Monday 28 August 2023

HTML form won't submit (Angular)

 It turns out if you mix normal HTML forms with Angular ones (i.e. using FormsModule) Angular will disable the default behaviour of forms on submit (so no POST request). To override this all you need to do is add a ngNoForm tag to the form you want to have the normal behaviour.

Saturday 6 May 2023

Why won't my Angular app include cookies in a POST request?

 Recently while working on an Angular web app operating with CORS on localhost against a SpringBoot server I had an issue where my GET requests were fine, but the POST requests (in this case for logout) did not include a cookie. At first I though I had some kind of problem with my CORS config - but this was fine:

        var corsConfig = new CorsConfiguration();

It turns out the signature for the POST request use by Angular is slightly different! The second argument is actually for a body. So in my case:

    return<void>(this.logoutUrl, null, {withCredentials: true});

This might help someone who is starting to question their understanding of CORS (again)

Sunday 24 May 2020

AWS Keyspaces - Managed Cassandra review

AWS recently went live with Keyspaces, their managed version of Cassandra ( This service is primarily aimed at users who have been managing their own Cassandra clusters and are looking to move to a managed solution. Billing is available on an ad-hoc or reserved capacity basis and it's simple to connect using existing Cassandra applications or drivers. However, there are a few issues that I've noticed that make Keyspaces currently a poor replacement for your Cassandra cluster:

  • TTL (automatic time-based record expiry) is currently not supported by AWS keyspaces. This alone makes it difficult to port standard Cassandra data models over.
  • No cross-region support (yet)
  • 1 mb row size limit (similar to DyanmoDb's 400kb item limit). This may be related to the fact that Keyspaces is more closely related to DynamoDb than true Cassandra (as noted by Scilla at
In short, AWS Keyspaces seems to be more of a beta than a real GA release. Once they add support for TTL it looks like a promising service, however it will have to compete with Datastax's own managed Cassandra offering, Datastax Astra ( This was launched only about 3 weeks after Keyspaces (and maybe explaining Keyspaces short preview stage and rush to release while still missing support for fundamental pieces of Cassandra).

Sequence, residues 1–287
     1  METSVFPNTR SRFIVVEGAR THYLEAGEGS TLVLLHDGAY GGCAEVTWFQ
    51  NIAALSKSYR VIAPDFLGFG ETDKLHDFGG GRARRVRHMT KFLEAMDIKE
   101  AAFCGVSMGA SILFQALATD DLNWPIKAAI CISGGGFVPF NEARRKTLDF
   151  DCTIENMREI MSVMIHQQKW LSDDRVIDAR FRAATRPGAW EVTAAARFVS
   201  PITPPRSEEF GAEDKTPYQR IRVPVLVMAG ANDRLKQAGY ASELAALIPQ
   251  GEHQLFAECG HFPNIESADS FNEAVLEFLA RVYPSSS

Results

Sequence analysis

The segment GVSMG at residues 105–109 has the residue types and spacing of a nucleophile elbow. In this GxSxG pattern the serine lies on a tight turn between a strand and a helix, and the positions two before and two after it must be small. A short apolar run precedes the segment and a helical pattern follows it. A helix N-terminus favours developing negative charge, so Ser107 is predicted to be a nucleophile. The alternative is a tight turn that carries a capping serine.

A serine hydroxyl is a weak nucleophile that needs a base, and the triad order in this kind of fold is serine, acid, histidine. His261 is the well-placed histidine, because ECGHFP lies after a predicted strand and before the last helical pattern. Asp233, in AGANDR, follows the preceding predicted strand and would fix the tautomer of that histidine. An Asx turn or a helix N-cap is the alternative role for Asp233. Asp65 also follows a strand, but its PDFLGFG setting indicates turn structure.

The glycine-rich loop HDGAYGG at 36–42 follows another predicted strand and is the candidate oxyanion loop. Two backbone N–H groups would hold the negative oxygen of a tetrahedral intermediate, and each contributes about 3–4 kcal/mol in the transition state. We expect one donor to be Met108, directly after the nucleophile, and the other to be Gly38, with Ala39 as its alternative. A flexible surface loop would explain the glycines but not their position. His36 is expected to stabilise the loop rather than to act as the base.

Sunday 13 January 2019

Sending an SMS via Intent in Android

Alchemy allows users to donate to their chose charities via text message, which it used to do automatically using Android's SmsManager functionality. Unfortunately, Google have recently updated the Play Store's terms and conditions to restrict SMS_READ and SMS_SEND to applications whose primary purpose is to act as an alternative SMS application on Android (replacing the usual Messages app for example).

I applied for an excemption for Alchemy, but this wasn't granted. This is understandable I think - Android security has a lot of issues, and excess permissions is definitely one of them - Alchemy is a good citizen and only interacts with a single SMS number, but a malicious applicaiton could easily use the same permissions for nefarious purposes.

Without an exemption, there was no choice but to update Alchemy to avoid using SmsManager. This meant instead requesting an existing SMS app to send the donation SMS instead - via an intent. It took me some time to find out exactly how to do this, but the code required to pre-populate an SMS for a user to send is

Uri uri = Uri.parse("smsto:" + charity.getNumber());
Intent intent = new Intent(Intent.ACTION_SENDTO, uri);
intent.putExtra("address", charity.getNumber());
intent.putExtra("sms_body", keyword);
intent.putExtra("exit_on_sent", true);
if (intent.resolveActivity(getPackageManager()) != null) {
    startActivityForResult(intent, 1);
    donationViewModel.recordDonation(this.donations, charity.getName(), smsKeywordToDonation(charity.getCost(keyword)));
} else {
    Toast.makeText(this, "No SMS provider found", Toast.LENGTH_SHORT).show();